Perhaps the makers of such productions start with low expectations of their audience. The audience, they may believe, won’t be able to understand or sympathize with characters from another time or place. I think that is false, and it’s actually pretty easy to “get” the context of Giselle or Swan Lake or the Marriage of Figaro. The adaptations then take on some of the quality of “dumbing down” exercises, and a lot of the intrinsic quality of the original gets lost. The Trump Tower Marriage of Figaro is a good example of how bad this can be.

Of course, such productions are not created by people who think of themselves as being unable to appreciate art in its original context. They understand the original perfectly well but are now perhaps bored by it and want to do something “new.” Here’s what’s wrong with this: 1) The changes will be superficial - dress ‘em differently, stick ‘em in a different place, put a spaceship on stage – these kind of things create “cognitive dissonances” with what stands in the original – and add nothing or create confusion. 2) The adapters are starting out from a position of distrust of the original and perhaps with a feeling of superiority over their audience. Could anything good come out of that?

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Originally posted by 4Ts:

Of course, such productions are not created by people who think of themselves as being unable to appreciate art in its original context.  They understand the original perfectly well but are now perhaps bored by it and want to do something “new.”  Here’s what’s wrong with this: 1) The changes will be superficial -  dress ‘em differently, stick ‘em in a different place, put a spaceship on stage – these kind of things create “cognitive dissonances” with what stands in the original – and add nothing or create confusion.  2) The adapters are starting out from a position of distrust of the original and perhaps with a feeling of superiority over their audience.  Could anything good come out of that?

No! [good could come out of that; YES! to your thoughts :) ) Add to this the pressure from critics, and perhaps others -- administration, audience -- to do something new. "We don't want that same old production." Updating productions is problematical. One of the best/worst examples is the Royal Ballet's "Sleeping Beauty." The Oliver Messel production lasted 20 years; it was beloved. By the 1960s, however, the designs seemed a bit fussy, and there was a sense that the production needed to be refreshed. There have been three? Four? productions since, and none have been as generally satisfactory as the Messel. But the Messel wouldn't have survived 55 years.

On Drew's point about "Birth of a Nation," I finally saw that, on video, a few years ago. I was raised as a Confederate, taken to "Gone with the Wind" the way another child would be taken to a Passion Play, and my aunt had been in the audience the first year of "Birth of a Nation," where Confederate soldiers shot up the screen during that KKK sequence. I also admire Griffith as a filmmaker. I'm glad I saw it, I don't want it to be burned (and I know Drew wasn't suggesting that), but I found it so stereotypical and so dated in every way -- camera, acting, script -- that I had to work very hard to try to realize why it had been considered great. To me, that's an argument for keeping something that becomes considered repugnant. Otherwise, it could grow in legend -- the great lost work of art, etc. I think one has to trust history.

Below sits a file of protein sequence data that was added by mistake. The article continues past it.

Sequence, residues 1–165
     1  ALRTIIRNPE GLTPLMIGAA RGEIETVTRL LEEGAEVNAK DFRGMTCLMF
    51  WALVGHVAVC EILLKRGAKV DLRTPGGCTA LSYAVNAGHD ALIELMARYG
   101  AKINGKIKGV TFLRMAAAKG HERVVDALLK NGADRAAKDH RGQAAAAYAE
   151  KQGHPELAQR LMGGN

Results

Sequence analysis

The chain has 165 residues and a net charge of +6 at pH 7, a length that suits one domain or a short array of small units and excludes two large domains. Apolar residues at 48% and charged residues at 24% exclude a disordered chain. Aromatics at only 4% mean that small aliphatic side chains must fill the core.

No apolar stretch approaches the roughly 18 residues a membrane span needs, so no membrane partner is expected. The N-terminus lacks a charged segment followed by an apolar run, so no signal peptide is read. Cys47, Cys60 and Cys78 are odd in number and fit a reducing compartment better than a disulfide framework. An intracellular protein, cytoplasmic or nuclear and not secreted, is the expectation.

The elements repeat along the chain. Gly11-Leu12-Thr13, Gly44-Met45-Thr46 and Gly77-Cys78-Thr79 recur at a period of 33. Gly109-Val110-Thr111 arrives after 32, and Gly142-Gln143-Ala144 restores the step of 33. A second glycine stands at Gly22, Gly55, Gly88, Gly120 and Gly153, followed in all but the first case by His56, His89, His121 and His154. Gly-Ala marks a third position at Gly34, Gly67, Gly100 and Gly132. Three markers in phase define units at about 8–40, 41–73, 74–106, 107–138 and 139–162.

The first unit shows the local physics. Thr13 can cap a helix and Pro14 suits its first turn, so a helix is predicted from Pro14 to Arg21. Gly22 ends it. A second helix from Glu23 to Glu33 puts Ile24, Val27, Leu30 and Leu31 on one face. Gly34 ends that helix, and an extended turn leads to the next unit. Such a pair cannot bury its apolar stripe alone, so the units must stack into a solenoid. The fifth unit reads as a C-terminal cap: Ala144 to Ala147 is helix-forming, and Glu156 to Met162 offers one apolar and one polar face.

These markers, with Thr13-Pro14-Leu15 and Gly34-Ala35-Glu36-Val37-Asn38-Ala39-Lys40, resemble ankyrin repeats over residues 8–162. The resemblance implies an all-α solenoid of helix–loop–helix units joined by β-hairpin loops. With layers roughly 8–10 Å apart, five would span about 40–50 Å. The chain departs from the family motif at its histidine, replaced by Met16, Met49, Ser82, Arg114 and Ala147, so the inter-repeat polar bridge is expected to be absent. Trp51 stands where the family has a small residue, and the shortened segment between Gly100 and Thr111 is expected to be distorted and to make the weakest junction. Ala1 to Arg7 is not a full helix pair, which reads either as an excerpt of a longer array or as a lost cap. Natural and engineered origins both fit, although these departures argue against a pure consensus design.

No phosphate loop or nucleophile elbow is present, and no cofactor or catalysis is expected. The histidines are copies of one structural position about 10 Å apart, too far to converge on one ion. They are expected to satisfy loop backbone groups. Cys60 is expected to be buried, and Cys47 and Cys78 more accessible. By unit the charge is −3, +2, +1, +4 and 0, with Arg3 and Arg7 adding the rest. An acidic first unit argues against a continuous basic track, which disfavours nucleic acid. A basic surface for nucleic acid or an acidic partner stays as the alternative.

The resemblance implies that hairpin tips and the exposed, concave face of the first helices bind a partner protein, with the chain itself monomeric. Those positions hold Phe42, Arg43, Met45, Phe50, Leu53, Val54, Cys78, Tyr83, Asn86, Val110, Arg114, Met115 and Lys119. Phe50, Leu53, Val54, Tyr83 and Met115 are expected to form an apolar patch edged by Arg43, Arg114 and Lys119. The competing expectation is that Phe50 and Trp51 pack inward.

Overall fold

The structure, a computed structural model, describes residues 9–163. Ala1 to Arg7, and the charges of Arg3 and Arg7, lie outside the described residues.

On the Chinese dance, anything can bear more research, but I wonder if an inauthentic dance could have survived the Cultural Revolution, when the Chinese examined their art very thoroughly and purged anything impure? I think Drew's point that something that could be authentic could become a stereotype is a good one, and it raises another sticky question. If the Outsider appropriates something and turns it into a cliche, does this force the Insider to change it?

I don't think 19th century choreographers used folk dance and folk traditions of other countries to mock those countries. It was partly a result of their great curiosity about how other people lived -- and they weren't always superior. Bournonville's letters home to his wife about what he was seeing in Naples are full of admiration; he was entranced by those people. His point of view is of a Dane -- he'll say "us" and "them" -- but there's no condescension.

I think 19th century choreographers would use, say, a Mexican hat dance to "represent" Mexicans because they had to have something that was instantly recognizable to their audiences. Eventually, the only Mexican you'd see in a ballet (I'm making this up; I don't know of any Mexican hat dances in a 19th cenury ballet) would do a hat dance. I wouldn't consider this offensive, because I give great weight to intent, but others care much more about results.